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SAT: Scholastic Aptitude Test

Introduction

The SAT is a standardized, multiple-choice test used by most U.S. colleges and universities for admissions purposes. The SAT essentially measures verbal, mathematical and analytical skills of students looking to seek college admission.  SAT is taken by majority of students in their junior or senior year in high school. SAT scores are also used to determine scholarship eligibility. The SAT test is administered by the Educational Testing Service (ETS) and held seven times a year in the United States. Internationally the exams are held six times. Read more to get details on SAT test dates, SAT registration, SAT scores, SAT practice test, SAT prep courses and SAT test prep.

(Suggested Read: 5 Tips for Acing the SAT; SAT Subject Areas; Right Resources for SAT and ACT Test Prep)

Why SAT is Important?

Difference between SAT and SAT Subject Tests

The SAT Reasoning Test is what is normally referred to as the SAT and this standard exam is required by high school students to seek college admission in most educational institutes within the United States. Whereas, the SAT Subject tests are additional tests that evaluate a student's knowledge in a specific subject area and are required by some of the more selective U.S. schools in addition to the SAT.

Test Structure

The SAT  is a focused test on verbal, writing and math skills. It is primarily designed to measure how well students can read, express and think.

The SAT consists of three main focus areas- math, reading and writing. There are 10 sections in all Ė three for each focus area, and one 25 minute experimental section. This section is used strictly by ETS to assess questions for use in future tests. (It can be in any of the three areas and does not count toward the score).  

SAT is a 3 hour 45 minute exam. A 25 minute essay section will always be the first and a 10 minute multiple choice writing section will always be the last in the test format. The other parts of the test ó six 25-minute sections and two 20-minute sections ó can appear in any order.

Focus Area

Section

 Coverage 

 Number of Questions 

Total Time

Reading:

Critical Reading

Sentence Completion

19

70 Minutes for Reading

Critical Reading

Reading Comprehension

48

Writing:

Essay ( 25 Minutes)

One Topic

1

Editing

Correcting Paragraphs

6

60 Minutes for Writing

Correction

Correcting Sentences

25

Spotting Errors

Spotting Sentence Errors

18

Math:

 Problem Solving

Regular Math

24

70 Minutes for Math

Student Produced Response

Comparison Grid

10

Problem Solving

Regular Math

20

         

Experimental:

Unscored

UnScored

25 Minutes

Focus Areas

5 Tips to Prepare for SAT

  1. Take SAT PREP: The best way for students to increase their SAT scores is to take regular SAT prep tests and courses available online. These practice tests help students identify their weak areas and target them for improvement.  It is important for students to remember that computer prep programs only are not sufficient because they donít simulate the test experience. Itís'significant for students to go old school and practice with paper-and-pencil materials.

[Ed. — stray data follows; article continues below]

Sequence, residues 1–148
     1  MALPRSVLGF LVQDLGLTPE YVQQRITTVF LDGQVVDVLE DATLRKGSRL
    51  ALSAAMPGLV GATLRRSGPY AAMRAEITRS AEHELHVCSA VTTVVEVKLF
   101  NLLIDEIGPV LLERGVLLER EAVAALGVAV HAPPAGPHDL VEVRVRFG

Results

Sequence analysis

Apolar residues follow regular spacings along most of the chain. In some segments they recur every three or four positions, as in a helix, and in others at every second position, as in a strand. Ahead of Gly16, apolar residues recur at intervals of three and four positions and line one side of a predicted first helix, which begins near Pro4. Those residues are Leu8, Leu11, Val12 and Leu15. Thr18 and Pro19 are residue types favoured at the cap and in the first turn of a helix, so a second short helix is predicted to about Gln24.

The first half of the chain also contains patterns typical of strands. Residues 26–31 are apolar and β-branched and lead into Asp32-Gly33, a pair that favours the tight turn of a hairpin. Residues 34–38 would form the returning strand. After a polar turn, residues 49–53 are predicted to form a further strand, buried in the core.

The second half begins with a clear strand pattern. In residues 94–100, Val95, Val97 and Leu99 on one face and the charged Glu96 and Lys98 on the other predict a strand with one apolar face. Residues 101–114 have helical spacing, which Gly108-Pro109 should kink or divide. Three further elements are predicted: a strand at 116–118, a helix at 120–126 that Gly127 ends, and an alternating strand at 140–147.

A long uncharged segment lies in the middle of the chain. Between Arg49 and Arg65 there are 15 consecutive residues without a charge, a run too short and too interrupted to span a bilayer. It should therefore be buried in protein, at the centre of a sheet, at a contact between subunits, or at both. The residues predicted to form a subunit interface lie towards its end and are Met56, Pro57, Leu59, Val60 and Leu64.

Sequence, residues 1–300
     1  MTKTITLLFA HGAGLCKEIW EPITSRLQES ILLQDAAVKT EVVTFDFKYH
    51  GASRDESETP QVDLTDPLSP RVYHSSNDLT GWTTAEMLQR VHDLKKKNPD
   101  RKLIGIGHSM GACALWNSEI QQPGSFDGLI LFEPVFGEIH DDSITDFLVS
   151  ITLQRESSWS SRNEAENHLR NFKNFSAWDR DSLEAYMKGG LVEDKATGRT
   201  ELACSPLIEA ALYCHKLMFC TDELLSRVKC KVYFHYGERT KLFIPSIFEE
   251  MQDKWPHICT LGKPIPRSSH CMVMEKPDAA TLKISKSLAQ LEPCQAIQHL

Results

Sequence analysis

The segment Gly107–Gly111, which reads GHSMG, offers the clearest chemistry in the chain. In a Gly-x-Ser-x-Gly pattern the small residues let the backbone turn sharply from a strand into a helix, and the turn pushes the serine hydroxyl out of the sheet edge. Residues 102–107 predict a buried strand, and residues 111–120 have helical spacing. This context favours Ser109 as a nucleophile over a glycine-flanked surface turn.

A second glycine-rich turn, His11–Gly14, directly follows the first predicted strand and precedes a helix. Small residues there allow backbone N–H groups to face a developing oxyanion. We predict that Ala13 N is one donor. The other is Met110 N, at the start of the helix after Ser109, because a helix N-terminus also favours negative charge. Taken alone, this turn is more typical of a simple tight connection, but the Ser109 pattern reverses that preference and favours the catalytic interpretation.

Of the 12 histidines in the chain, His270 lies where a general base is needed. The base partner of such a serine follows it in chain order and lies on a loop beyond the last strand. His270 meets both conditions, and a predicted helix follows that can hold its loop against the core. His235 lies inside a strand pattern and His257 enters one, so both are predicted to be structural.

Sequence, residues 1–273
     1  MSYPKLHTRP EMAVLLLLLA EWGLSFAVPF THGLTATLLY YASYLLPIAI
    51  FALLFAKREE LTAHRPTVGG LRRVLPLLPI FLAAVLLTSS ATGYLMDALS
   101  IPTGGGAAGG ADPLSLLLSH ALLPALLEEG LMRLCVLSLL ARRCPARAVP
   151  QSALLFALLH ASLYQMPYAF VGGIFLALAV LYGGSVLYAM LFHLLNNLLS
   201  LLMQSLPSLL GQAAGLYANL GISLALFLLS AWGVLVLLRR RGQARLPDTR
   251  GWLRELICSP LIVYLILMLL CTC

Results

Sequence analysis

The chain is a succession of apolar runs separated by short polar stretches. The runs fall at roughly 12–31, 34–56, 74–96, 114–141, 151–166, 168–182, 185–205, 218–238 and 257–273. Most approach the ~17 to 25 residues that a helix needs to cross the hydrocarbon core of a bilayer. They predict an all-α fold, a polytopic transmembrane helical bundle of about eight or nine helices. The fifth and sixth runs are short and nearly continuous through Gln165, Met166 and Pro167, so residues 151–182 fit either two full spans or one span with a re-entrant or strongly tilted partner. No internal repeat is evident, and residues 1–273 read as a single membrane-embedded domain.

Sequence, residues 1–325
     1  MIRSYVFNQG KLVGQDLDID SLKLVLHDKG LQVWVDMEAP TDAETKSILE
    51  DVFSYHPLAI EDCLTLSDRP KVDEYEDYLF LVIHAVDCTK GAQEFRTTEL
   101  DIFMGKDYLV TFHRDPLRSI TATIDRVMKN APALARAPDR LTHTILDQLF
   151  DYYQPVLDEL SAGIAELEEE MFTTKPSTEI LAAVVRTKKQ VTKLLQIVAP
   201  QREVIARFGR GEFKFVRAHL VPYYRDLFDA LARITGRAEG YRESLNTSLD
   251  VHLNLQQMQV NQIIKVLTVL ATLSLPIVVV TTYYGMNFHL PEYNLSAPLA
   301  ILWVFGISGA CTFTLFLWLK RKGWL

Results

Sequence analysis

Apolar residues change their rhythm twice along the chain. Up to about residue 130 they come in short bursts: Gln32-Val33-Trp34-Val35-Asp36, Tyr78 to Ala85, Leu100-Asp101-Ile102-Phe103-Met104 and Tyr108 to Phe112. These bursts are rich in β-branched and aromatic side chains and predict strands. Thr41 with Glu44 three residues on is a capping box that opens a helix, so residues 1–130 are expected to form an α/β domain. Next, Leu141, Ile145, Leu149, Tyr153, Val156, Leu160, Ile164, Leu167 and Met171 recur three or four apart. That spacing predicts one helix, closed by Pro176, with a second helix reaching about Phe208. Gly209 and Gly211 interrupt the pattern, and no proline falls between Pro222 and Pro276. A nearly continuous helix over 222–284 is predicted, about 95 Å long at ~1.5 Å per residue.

2. Brush up Math: Students should focus in strengthening their math skills and brush up on regular math concepts, algebra, geometry and statistics learned in high school.

  3. Invest in Study Guide: Students should invest in buying the official SAT study guide available online which offers a complete list of topics that will be tested, as well as practice problems and eight real tests. Students can take all of the practice tests and become familiar with the instructions and organization of the test.

  4. Understand theTest Format: Students should get acquainted with all the three major sections to do well. Each section starts out easy and gets progressively harder. Itís important to remember that the easy questions are worth just as much as the hard ones.

  5. Avoid Guess Work: The SAT doesnít reward random guesses. Getting a multiple-choice question wrong deducts a quarter to a third of a point from the student's score.

Score

Scores on SAT is calculated for each section based on the number of questions students get correct / incorrect, or the ones they omit. The SAT test scores are valid up to 5 years from the test date.

Correct Answers: +1 point for questions students get correct
Incorrect Answers:  -1/4 point subtracted for incorrect multiple-choice
Zero points: subtracted for incorrect student-produced response (math section); and for questions students don't answer.

Each section of SAT (critical reading, mathematics and writing) is scored on a 200- to 800-point scale, for a total of 2,400 points. Students also get two subscores on the writing section including a multiple-choice score ranging from 20 to 80, and an essay score from 2 to 12.

Students generally get their SAT score report 5 weeks after the test date.

Test Dates

Test Test Dates Registration Deadline

SAT Test

November  07, 2015

October  09, 2015

SAT  Test

December  05, 2015

November 05, 2015

SAT  Test

January 23, 2016

December 28, 2015

New SAT  Test

March 05, 2016

February 05, 2016

New SAT  Test

May 07, 2016

April 08, 2016

  
    New
SAT  Test

   June 04, 2016      May 05, 2016 

Fees

SAT Reasoning Test: $50

SAT Subject Tests:

Base Fee: $23
+ Language with Listening Test: $23 (per test)
+ All Other Subject Tests: $12 (per test)

Additional fees incur for late registration, late fee payment and changing test date, location or center. Also, for international students there is an additional processing fee of $31. For more details please visit the SAT official website.

Registration

The quickest and easiest way to register is online. Please visit the official SAT website to get additional details.